All of which was re­lated to a cov­eted prize which he didn’t even threaten to ac­com­plish 12 months ago when he was tied 28th be­hind Justin Thomas at Quail Hol­low. “I was prob­a­bly a lit­tle more anx­ious last year,” he said. “I think go­ing in, there was a big fo­cus on it, given it was right af­ter win­ning the Open Cham­pi­onship.”

Two dis­tin­guished pre­de­ces­sors, who fa­mously trav­elled the same road with­out suc­cess, were Arnold Palmer and Tom Watson. Palmer had a few near-misses, but Watson’s only re­al­is­tic chance oc­curred rel­a­tively early in his ca­reer, in 1978, when he lost in sud­den-death to John Ma­haf­fey at Oak­mont.

His fail­ure seems es­pe­cially odd, given that he con­quered al­most ev­ery con­ceiv­able type of shot-mak­ing chal­lenge when win­ning five Open Cham­pi­onships. Per­haps the PGA came too late in the sea­son for Watson, though Palmer of­fered no such ex­cuse while re­flect­ing on three run­ner-up fin­ishes, two of which oc­curred in 1964 and 1970.

“With­out the fi­nal jewel of the PGA in my crown, my suc­cess on the golf course is some­what in­com­plete,” he ac­knowl­edged late in his ca­reer. “For years, I’ve held in re­serve a spot for a PGA medal in a dis­play case that holds awards from my Ma­jor tour­na­ment vic­to­ries.”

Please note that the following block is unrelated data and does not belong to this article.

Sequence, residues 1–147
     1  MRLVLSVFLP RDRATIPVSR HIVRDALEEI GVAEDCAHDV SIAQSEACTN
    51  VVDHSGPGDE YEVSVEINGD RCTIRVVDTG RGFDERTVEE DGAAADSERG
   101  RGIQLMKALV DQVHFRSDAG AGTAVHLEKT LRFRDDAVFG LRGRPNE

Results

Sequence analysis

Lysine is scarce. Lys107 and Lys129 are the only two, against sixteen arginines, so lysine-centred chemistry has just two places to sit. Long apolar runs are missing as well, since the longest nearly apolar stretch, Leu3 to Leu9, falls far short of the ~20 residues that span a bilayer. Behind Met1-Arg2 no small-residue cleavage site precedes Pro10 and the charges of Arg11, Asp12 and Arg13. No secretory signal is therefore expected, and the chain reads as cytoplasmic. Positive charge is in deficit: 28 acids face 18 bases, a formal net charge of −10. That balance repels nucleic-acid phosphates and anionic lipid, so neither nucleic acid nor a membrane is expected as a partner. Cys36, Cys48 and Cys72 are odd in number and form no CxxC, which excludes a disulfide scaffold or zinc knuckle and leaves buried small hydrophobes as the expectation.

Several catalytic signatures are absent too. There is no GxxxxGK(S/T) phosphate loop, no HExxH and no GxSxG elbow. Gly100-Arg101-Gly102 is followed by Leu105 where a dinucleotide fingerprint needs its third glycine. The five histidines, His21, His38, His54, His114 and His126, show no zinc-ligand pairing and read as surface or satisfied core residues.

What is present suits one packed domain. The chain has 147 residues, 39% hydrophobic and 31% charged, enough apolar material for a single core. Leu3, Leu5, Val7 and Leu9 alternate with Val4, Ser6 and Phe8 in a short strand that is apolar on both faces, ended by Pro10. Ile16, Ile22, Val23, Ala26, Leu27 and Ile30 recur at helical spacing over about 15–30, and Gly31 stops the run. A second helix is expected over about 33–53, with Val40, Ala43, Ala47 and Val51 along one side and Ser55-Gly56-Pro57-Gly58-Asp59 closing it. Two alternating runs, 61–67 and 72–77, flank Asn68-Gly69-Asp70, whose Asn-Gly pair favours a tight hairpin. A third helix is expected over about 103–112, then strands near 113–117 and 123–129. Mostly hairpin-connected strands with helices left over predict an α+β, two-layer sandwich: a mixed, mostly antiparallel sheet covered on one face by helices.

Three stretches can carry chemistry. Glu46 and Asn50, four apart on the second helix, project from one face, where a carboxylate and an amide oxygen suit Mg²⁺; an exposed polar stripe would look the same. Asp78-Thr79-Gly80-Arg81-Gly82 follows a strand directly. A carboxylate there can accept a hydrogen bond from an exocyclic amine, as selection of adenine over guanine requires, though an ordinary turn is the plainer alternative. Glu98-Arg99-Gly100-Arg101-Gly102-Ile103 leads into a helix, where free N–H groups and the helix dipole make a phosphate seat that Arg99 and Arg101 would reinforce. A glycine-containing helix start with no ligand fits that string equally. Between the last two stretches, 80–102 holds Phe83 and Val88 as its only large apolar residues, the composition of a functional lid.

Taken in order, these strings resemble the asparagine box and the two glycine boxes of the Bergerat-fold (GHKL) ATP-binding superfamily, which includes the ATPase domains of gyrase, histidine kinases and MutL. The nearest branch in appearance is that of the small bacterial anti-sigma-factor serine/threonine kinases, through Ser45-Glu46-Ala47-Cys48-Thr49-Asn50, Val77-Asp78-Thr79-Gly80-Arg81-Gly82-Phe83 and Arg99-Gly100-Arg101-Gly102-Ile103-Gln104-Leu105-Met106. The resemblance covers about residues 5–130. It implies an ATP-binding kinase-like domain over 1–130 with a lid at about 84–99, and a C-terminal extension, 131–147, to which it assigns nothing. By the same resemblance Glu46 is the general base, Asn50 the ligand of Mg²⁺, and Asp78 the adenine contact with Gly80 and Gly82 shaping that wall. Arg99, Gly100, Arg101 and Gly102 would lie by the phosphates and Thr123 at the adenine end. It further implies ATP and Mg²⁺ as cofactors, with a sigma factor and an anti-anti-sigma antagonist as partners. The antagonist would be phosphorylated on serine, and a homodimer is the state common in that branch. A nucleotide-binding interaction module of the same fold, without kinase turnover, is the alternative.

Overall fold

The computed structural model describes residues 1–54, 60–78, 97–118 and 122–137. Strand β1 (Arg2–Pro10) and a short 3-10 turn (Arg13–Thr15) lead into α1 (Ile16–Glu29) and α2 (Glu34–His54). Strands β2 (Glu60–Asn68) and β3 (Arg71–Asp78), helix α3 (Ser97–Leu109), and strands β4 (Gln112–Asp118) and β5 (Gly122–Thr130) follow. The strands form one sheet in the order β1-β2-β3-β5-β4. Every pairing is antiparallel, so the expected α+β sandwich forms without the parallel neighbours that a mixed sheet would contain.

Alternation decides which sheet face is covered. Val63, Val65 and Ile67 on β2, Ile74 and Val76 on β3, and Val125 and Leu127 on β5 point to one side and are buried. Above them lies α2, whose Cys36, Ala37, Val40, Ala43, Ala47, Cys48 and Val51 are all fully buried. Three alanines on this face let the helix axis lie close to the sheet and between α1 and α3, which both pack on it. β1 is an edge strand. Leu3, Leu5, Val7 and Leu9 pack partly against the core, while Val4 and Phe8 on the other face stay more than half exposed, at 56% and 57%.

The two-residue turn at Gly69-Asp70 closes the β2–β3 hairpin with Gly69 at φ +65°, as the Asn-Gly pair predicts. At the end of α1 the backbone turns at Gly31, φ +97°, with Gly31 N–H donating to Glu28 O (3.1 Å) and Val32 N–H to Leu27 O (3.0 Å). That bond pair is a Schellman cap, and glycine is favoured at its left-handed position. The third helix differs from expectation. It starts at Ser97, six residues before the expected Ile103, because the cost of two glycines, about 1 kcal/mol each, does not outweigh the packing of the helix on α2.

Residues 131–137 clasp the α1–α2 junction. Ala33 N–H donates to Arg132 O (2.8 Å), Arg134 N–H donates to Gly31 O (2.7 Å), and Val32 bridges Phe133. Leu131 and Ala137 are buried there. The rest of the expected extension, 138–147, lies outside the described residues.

As it hap­pens, his other chance of a break­through oc­curred 50 years ago. That was in 1968, the 50th stag­ing of the PGA which be­came no­table for the vic­tory of Julius Boros who, at 48, be­came and re­mains the old­est win­ner of any Ma­jor cham­pi­onship.

Play­ing the 72nd hole, Palmer was a stroke off the lead held by Boros in the group be­hind. That was when he hooked his drive into rough ter­rain near TV ca­bles. Typ­i­cally cava­lier, he opted for a high-risk re­cov­ery. “A fair­way wood from the deep rough is one of the tough­est shots in the game,” he re­flected. “But the way I fig­ured it, I might never get this close to the prize that had eluded me most, so I went for it.”

He went on: “I hit what was prob­a­bly the finest wood shot of my ca­reer. The ball landed on the green and checked up eight feet above the cup. If I made that short putt, I would be tied with Boros who was then stand­ing on the tee. The ball went straight at the hole but curled off and rolled sev­eral inches past.

“I slumped over in de­spair. Boros made it an in­ter­est­ing fin­ish, though, dra­matic to the bit­ter­sweet end. Un­able to reach the green in two, he made a su­perb pitch to get up and down in two to win the cham­pi­onship. I fin­ished in sec­ond place, tied with Bob Charles. A brides­maid once again, I men­tally kicked my­self for hav­ing missed that putt.”

Once more, sec­ond place was Palmer’s lot two years later, this time be­hind Dave Stock­ton at South­ern Hills where, in­ci­den­tally, he even­tu­ally bade farewell to the PGA in 1994. “I played poorly and missed the cut, to no­body’s sur­prise, but I thanked the or­gan­i­sa­tion from the bot­tom of my heart for be­ing such an im­por­tant part of my life,” he said.

Photo: Stu­art Franklin

Shane Lowry tees off on the sec­ond hole dur­ing yes­ter­day’s con­tin­u­a­tion of the weather-de­layed sec­ond round of the 2018 PGA Cham­pi­onship at Bel­lerive Coun­try Club.